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Code of Ethics

Introduction

The OCE realizes that a high standard of professional conduct in all orthoptists is important both for the patient and the high regard of the profession. Therefore, the OCE has drawn up a Code of Ethics and offers guidelines for the practice of orthoptics in Europe. The document may be used to supplement existing national codes or assist in establishing such codes where they do not already exist. It is not intended that this should replace any national code of conduct and orthoptists must primarily comply with the rules of the country in which they practice.

Code of ethics

I   Orthoptists must possess qualifications recognized by the appropriate authority.

II   Orthoptists offer the best possible treatment to their patients and will not by any act or omission do anything to endanger or adversely affect the health or safety of their patients.

III   Orthoptists avoid exceeding their competence and confine themselves to those fields of practice in which they have been trained.

IV   Orthoptists treat all people with whom they have professional contact with loyalty and respect. 

V   Orthoptists are responsible for the public image of the profession and refrain from any action which might discredit themselves or their profession.

Principles of professional behaviour

1 Professional practice

1.1    Orthoptists must not discriminate on the grounds of social standing, race, religion, sex, etc. in the delivery of professional services.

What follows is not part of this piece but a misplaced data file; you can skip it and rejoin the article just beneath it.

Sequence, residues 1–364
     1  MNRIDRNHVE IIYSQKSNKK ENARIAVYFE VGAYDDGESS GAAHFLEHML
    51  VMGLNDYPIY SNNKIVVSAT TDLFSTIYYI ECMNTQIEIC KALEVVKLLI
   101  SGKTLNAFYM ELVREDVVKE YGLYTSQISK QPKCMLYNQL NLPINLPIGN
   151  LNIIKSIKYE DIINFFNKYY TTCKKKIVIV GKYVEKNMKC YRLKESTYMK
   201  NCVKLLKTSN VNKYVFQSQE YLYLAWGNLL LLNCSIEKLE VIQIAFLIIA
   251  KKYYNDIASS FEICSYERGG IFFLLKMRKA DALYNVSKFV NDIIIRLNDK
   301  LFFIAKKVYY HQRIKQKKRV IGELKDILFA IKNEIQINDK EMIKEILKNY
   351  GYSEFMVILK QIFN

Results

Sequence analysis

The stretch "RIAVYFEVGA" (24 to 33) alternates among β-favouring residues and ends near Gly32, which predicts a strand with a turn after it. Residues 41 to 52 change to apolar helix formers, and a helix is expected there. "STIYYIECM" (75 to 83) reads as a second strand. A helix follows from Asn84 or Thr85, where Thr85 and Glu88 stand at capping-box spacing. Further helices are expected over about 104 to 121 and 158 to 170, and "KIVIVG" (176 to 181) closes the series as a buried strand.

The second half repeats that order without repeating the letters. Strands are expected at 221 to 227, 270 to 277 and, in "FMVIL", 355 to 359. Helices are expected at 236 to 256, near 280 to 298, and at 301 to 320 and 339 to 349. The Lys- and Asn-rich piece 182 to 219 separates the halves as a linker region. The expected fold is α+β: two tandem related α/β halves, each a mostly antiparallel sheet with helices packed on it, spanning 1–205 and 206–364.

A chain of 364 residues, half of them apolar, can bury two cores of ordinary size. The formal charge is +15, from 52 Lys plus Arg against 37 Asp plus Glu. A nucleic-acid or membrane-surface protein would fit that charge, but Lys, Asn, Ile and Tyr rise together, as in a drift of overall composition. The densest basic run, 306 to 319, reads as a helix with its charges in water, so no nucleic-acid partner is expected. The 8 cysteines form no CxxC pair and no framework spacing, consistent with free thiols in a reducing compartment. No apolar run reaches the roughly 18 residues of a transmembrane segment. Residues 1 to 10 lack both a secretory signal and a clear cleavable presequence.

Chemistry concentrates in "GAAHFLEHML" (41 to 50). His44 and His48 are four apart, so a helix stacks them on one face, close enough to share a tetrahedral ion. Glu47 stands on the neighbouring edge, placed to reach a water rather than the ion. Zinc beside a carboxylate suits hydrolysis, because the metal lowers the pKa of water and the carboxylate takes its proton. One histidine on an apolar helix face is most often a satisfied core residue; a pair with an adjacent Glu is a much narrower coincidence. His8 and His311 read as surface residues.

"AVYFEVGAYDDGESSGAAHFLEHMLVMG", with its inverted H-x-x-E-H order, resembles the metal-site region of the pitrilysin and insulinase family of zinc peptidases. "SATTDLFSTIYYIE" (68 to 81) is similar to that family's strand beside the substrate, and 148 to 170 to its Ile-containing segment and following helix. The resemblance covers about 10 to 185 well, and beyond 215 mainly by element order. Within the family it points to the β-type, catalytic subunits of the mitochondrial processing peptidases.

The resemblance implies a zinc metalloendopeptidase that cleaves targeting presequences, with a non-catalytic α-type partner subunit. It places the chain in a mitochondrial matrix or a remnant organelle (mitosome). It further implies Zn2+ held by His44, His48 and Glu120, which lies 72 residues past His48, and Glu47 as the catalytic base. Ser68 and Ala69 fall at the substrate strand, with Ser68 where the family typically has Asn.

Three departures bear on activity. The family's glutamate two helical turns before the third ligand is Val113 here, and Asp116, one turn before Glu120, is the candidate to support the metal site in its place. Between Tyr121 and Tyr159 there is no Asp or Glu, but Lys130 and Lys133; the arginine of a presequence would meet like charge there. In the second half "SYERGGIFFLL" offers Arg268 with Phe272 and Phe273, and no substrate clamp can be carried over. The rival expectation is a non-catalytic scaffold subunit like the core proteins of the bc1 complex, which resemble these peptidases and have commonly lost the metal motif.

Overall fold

They do not knowingly engage in behavior that is harassing or demeaning to persons with whom they interact in their work.

1.2    Orthoptists have a professional responsibility to evaluate the effectiveness of their work and modify their practice accordingly.

1.3    Orthoptists maintain and develop their knowledge throughout their careers and use this to enhance their practice.

1.4    Orthoptists liaise with others involved in the care of the patient. They participate in interdisciplinary frameworks.

1.5    Orthoptists do not allow their professional judgment to be influenced by the offer of gifts or money, or let their behavior or treatment of the patient be affected by financial interests or professional advancement.

1.6    Orthoptists seek to promote the profession and present orthoptics in a positive manner.

2 Communication

2.1    Orthoptists are to be able to communicate with patients, parents and other professionals and therefore have an adequate level of competence in the language in which they are practicing professionally.

2.2    Orthoptists must maintain strict professional confidentiality and should only seek and store information for the benefit of patient care.

2.3    Orthoptists maintain full records and must ensure that these data are adequately protected.

2.4    Orthoptists only advertise their professional activities in a restrained manner. Advertisement should not be false or misleading. Orthoptists do not make exaggerating claims in terms of personal skills or outcomes of treatment.

3 Education and research

3.1    Orthoptists involved in the education of students should deliver the highest standard possible in both academic and clinical aspects and ensure the professional competencies are achieved.

3.2    Orthoptists who undertake clinical training should provide adequate supervision of the student and assume full responsibility for the patient.

3.3    Orthoptists endeavor to increase knowledge through research and share research findings with colleagues. Research must conform to generally accepted scientific principles and care should be taken that ethical standards are maintained.

This document has been prepared by the members of the working party on ethics  - Mirjam van Lammeren, Mireille Louly, Manuel Oliveira and Chris Timms -  and has been approved by the General Assembly  of the OCE on May 5, 2000.

Updated 2015.